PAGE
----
Demystifying the Electric Chain Link Fence: A Beginner’s Handbook
If you are a small farmer looking for an efficient and economical way to house animals on your farm, wire mesh fencing could be your solution. Also known as poultry, goat or sheep netting, these fences come in different heights and lengths to accommodate different types of livestock, from poultry and small ruminants to cattle. This guide will walk you through the basics of installing and using an electric chain link fence, even if you’re not an electrical expert.
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Installing a grid fence is easy, even for those unfamiliar with electrical systems. Most manufacturers provide clear instructions for opening and closing the fence. Be sure to keep all the original ties that tied the fence together – they can help.
The best part? Unlike traditional fencing methods, wire mesh fencing requires minimal effort. The fence comes with posts that are pre-attached to the grid. Simply plug the posts into the ground and use the base to push them down. Whether you are creating a square, rectangular or circular fence, the versatility of electric chain link fencing allows you to adapt to any area shape.
You should cut weeds or tall grass that may be pressing on the fence. Grid fences work by emitting electrical impulses, and although they withstand obstacles better than traditional wires, any vegetation that touches the fence can ground and reduce efficiency. its.
Choose the right sword
Grid fences rely on a transformer (also known as a fence generator, charger, or energizer) to provide an electrical charge that keeps the fence “hot”. Choose a transformer that provides the joules needed for your particular fence – the manufacturer’s instructions will help you with this. You can choose from a plug-in AC charger (ideal for indoor use), a battery-connected DC charger, or a solar charger ideal for outdoor setups. Solar chargers are especially interesting for autonomous farms. They use solar panels to charge 6- or 12-volt batteries, providing uninterruptible power to your fence. While they may be more expensive, solar chargers offer long-term benefits, especially for those looking to reduce their reliance on traditional energy sources.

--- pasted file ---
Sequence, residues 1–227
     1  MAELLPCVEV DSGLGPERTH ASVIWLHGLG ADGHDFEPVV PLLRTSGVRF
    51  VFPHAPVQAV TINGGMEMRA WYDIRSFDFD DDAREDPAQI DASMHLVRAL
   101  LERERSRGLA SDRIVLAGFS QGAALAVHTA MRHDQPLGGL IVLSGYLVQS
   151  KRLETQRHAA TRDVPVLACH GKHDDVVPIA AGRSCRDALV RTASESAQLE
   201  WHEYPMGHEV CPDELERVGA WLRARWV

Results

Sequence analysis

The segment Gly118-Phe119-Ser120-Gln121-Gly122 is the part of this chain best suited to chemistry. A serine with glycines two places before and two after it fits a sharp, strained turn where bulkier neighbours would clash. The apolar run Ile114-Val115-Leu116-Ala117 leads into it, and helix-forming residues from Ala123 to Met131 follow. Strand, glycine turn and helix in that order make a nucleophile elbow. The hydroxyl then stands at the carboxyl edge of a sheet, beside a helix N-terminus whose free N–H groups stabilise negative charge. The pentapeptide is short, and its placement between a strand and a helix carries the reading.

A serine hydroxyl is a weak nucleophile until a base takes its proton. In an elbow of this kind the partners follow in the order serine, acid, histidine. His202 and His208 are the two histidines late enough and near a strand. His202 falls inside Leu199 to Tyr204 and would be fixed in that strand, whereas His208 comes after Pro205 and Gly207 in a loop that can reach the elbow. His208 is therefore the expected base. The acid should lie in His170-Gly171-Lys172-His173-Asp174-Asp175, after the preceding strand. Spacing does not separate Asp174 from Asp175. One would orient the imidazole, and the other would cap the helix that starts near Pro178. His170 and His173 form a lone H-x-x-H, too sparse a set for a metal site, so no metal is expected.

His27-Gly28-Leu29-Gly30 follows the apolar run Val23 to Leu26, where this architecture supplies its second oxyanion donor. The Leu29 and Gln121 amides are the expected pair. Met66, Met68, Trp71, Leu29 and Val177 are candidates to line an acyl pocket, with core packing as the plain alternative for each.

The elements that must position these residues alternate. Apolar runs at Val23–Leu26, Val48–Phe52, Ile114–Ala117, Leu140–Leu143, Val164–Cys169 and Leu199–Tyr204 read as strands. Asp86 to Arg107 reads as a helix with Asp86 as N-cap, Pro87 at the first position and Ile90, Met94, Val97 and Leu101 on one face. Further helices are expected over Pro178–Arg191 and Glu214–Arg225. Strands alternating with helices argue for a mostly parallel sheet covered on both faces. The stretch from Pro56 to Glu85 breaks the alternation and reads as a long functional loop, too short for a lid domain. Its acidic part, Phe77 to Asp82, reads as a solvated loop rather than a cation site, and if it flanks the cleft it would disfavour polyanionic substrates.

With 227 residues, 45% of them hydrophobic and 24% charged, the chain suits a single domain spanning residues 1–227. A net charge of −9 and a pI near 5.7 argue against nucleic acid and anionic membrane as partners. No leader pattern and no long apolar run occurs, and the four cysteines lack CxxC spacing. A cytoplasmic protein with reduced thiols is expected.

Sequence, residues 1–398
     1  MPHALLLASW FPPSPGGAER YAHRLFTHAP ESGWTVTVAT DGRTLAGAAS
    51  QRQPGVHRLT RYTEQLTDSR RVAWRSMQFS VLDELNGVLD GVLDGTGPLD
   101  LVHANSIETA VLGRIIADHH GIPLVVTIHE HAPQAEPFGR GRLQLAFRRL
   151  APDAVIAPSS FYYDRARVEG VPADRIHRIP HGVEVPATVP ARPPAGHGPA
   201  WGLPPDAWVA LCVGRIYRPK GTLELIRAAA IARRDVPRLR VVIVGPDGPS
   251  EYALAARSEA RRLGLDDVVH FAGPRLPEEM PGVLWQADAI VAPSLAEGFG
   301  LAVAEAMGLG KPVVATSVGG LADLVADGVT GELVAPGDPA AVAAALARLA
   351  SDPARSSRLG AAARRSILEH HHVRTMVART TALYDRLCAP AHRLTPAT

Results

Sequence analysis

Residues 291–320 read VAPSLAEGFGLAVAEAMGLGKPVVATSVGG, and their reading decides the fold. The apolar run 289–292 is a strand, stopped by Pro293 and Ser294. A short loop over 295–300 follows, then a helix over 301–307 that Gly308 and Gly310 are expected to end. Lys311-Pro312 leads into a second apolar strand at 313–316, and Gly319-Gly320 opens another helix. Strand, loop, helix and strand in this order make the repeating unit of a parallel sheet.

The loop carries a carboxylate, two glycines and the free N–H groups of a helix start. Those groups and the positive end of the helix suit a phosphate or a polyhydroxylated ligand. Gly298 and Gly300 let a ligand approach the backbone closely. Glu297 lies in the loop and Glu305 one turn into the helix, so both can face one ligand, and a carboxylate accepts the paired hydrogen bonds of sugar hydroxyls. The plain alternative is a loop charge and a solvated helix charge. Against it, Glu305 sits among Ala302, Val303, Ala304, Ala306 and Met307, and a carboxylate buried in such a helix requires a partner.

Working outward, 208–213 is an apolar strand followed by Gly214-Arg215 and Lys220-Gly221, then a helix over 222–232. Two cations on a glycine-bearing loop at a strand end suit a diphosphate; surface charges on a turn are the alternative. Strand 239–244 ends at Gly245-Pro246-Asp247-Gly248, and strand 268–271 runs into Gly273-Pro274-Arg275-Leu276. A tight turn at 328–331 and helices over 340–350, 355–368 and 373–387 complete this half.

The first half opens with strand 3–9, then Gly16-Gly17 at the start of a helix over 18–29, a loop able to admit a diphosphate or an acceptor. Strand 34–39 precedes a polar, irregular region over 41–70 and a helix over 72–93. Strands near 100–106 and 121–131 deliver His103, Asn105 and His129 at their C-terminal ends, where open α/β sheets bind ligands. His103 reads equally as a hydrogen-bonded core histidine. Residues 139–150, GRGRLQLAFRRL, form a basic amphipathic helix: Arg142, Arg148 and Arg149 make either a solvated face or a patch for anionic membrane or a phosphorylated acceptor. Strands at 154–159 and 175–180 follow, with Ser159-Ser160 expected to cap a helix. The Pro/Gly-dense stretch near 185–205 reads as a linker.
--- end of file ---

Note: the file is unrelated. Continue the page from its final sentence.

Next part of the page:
A note about the ground rod
To complete the circuit, you will need a ground rod (also called a ground rod). It is a conductive metal rod, like copper, that is plugged into the ground. While commercial options are available, you can improvise with items like copper plumbing, metal T-piles, or rebar. Experiment with different lengths and materials to find what works best for your setup.
Connect the fence and make it “hot”
To electrify your mesh fence, you need three important things:
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transformers, jumper cables for connections and ground rods. Connect the positive end of the jumper cable to the positive terminal of the power supply unit and the negative end to the negative terminal. Attach the other negative end to the ground rod, ensuring metal-to-metal contact. Finally, connect the remaining positive end to the metal clips hanging from the end posts of your fence. Once powered on, you’ll hear the fence activate with a ticking or crackling sound.
Ensuring your electrical chain link fence is functioning properly is essential. While fence testers are available for precise measurements, you can also test them manually. Tap the fence lightly to feel a small, uncomfortable shock. Remember that the goal is to keep animals and predators out, not harm them. Observing your livestock’s behavior to the fence upon introduction can aid in their safe acclimation.
Finally, simplicity provides empowerment.
It is not necessary to have significant electrical understanding to set up and use an electric net fence. Even beginners can effectively use this cost-effective and efficient fencing system with simple instructions and minimal safety considerations. By adopting the ease of use of electric net fences, you provide your small farm with a tool that keeps animals contained and secure while also fostering efficient land management.